It is such a lovely walk. A narrow path fringed on each side with willows: on one hand the main stream of the Cherwell, scene of my discomfiture of yesterday [see below], on the other a backwater which leads to an old mill.
Midway in the walk the water from the upper stream rushes under a little bridge into the lower. We leant over the bridge watching the sun set, the tall tower of Magdalen against the southern sky, and the white mists creeping up across the meadows.

1893: My Flirtations by Ella Hapworth Dixon -

There is the sad-coloured June day - a harmony in soft greys and greens - when we went to pick fritillaries in Mesopotamia.
It was the day after Commemoration was over, and the narrow, willow-fringed river was deserted. Afar off we could see the grey spires and towers of the University against the wide, white sky, while across the fat, buttercup-gilded meadows came the mellow, distant sound of Oxford bells.
As Frank pushed the punt lazily up stream, we seemed wrapped in a mysterious green silence.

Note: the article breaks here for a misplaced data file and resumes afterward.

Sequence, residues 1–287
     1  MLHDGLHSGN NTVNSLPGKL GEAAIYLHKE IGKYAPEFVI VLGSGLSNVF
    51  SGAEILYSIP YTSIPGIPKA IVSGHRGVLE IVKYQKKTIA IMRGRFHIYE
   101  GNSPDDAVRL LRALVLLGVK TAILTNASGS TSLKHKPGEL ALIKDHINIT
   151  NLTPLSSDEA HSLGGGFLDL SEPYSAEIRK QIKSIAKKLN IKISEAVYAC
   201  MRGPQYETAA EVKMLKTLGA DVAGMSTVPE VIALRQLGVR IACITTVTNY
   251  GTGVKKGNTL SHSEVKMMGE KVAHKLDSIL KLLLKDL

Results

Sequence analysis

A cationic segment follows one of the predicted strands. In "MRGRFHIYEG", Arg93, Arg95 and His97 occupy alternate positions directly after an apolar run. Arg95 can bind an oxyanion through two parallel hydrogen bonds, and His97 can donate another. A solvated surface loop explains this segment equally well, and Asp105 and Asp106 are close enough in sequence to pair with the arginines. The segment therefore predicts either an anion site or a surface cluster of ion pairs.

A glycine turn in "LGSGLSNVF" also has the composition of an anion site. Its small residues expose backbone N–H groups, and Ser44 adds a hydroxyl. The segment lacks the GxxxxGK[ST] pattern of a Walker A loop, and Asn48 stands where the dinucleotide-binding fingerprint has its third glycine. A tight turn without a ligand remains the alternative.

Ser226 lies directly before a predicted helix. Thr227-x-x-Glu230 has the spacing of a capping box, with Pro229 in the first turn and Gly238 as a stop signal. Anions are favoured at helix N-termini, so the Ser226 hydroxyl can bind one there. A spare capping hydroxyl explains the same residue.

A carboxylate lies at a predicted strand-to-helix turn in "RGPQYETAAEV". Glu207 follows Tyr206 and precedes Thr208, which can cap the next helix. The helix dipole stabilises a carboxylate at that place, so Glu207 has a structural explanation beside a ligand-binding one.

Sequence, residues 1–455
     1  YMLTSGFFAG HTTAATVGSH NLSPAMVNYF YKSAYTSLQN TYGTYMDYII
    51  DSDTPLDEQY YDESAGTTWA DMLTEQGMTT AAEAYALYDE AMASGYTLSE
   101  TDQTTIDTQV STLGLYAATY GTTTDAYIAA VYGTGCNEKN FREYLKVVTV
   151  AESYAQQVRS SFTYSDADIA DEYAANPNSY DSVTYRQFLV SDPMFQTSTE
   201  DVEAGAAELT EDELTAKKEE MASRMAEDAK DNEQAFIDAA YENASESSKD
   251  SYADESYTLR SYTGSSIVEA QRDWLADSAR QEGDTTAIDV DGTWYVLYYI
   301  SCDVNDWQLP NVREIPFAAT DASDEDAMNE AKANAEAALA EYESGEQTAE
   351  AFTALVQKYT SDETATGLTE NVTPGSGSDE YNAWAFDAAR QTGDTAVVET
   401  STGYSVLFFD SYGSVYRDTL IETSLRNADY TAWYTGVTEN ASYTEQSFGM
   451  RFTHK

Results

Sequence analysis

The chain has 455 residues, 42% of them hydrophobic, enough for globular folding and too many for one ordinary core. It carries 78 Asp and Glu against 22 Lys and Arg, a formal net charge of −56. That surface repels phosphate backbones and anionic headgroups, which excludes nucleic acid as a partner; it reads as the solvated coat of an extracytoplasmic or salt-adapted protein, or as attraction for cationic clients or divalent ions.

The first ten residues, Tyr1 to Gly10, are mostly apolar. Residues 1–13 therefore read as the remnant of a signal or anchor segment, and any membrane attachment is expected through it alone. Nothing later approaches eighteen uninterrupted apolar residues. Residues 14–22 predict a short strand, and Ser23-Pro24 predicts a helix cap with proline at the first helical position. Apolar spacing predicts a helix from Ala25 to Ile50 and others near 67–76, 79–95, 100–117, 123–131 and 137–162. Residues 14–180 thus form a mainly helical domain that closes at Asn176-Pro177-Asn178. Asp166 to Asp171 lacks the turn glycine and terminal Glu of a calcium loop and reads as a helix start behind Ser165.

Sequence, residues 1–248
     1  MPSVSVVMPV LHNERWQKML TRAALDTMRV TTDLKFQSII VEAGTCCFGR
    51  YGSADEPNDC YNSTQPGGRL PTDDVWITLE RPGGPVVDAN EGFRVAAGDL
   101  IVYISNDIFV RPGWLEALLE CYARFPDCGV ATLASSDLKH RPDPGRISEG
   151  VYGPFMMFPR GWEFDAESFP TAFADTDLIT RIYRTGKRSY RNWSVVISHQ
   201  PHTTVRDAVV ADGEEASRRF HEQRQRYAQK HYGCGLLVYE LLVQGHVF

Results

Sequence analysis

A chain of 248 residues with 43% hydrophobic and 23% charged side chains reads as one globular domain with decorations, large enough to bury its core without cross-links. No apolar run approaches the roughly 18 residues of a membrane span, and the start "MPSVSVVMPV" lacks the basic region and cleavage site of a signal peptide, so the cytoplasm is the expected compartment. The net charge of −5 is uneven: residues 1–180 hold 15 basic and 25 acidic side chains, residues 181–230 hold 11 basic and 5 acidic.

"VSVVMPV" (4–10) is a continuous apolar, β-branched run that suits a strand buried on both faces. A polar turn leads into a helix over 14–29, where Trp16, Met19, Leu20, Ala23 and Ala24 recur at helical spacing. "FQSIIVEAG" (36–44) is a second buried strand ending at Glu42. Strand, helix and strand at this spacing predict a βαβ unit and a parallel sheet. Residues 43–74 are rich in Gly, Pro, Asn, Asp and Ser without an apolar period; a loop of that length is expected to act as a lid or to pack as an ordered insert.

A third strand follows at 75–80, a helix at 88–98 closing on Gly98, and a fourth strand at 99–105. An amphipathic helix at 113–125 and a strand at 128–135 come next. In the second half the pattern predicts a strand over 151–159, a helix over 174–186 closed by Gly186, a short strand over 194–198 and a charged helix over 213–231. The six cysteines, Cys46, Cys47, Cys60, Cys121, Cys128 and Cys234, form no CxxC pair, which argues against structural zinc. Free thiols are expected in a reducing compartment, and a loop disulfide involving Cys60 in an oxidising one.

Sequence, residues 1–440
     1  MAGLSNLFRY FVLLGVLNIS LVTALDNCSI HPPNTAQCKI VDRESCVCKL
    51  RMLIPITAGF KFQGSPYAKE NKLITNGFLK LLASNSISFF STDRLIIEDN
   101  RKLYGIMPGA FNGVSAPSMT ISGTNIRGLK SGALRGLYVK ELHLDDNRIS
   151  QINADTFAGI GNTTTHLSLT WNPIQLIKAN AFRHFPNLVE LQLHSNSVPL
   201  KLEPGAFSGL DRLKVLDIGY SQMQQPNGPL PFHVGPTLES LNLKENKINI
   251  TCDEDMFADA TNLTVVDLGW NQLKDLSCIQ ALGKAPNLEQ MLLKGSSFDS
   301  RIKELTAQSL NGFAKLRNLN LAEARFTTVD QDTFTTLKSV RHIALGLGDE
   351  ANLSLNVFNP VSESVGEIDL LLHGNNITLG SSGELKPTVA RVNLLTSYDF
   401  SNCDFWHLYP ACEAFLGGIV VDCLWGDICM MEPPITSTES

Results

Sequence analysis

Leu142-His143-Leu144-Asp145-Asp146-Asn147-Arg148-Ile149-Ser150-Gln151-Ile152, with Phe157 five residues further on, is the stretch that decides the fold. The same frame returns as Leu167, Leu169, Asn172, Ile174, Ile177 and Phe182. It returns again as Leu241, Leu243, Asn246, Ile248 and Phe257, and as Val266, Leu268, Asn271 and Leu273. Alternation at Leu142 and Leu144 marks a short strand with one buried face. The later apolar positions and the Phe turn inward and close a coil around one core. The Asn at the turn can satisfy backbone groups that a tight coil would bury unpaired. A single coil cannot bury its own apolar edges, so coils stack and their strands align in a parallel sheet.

We left the punt where the old chain ferry crosses the Cherwell, and plunged into the long new grass. I carried a basket for the fritillaries, and Frank had brought an empty soda-water bottle; a proceeding which puzzled me immensely, until I found that all among the abundant grass studded with June flowers there leapt and danced hundreds of tiny, nimble, gay-hearted frogs, only lately emerged from the juvenile or tadpole state.
'They are so like undergraduates!'
I cried, kneeling in the long grass and stretching depredatory fingers here and there, while Frank pretended to be offended, and declared I shouldn't put any of my frogs into his soda-water bottle ... But in the end we compromised, and Frank was set to gather the queer, spotted, purplish-brown fritillaries, whilst I crammed the leaping little reptiles into our bottle ...
And so the June afternoon slipped by, until the clang of evening bells warned us it was time to turn homewards.

1926: C S Lewis, Sunday, 9th May -

A bright and beautiful morning. The walks by the Cher as I went home after breakfast are now "tunnels of green" and hawthorn, full of singing, or, rather, shouting birds, and bluebells.

Weir on RIGHT bank